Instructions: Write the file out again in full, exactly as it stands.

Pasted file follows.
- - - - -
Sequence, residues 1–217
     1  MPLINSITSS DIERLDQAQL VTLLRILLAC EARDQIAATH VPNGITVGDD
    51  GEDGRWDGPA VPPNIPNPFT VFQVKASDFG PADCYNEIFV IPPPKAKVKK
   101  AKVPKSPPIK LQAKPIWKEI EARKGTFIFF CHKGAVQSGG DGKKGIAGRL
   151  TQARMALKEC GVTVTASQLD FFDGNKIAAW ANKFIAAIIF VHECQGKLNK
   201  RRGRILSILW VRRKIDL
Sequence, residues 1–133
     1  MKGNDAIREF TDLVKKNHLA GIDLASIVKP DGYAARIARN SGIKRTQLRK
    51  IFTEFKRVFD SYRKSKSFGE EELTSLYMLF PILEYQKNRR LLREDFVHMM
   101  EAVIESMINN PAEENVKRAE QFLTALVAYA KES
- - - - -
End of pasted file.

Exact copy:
Sequence, residues 1–217
     1  MPLINSITSS DIERLDQAQL VTLLRILLAC EARDQIAATH VPNGITVGDD
    51  GEDGRWDGPA VPPNIPNPFT VFQVKASDFG PADCYNEIFV IPPPKAKVKK
   101  AKVPKSPPIK LQAKPIWKEI EARKGTFIFF CHKGAVQSGG DGKKGIAGRL
   151  TQARMALKEC GVTVTASQLD FFDGNKIAAW ANKFIAAIIF VHECQGKLNK
   201  RRGRILSILW VRRKIDL
Sequence, residues 1–133
     1  MKGNDAIREF TDLVKKNHLA GIDLASIVKP DGYAARIARN SGIKRTQLRK
    51  IFTEFKRVFD SYRKSKSFGE EELTSLYMLF PILEYQKNRR LLREDFVHMM
   101  EAVIESMINN PAEENVKRAE QFLTALVAYA KES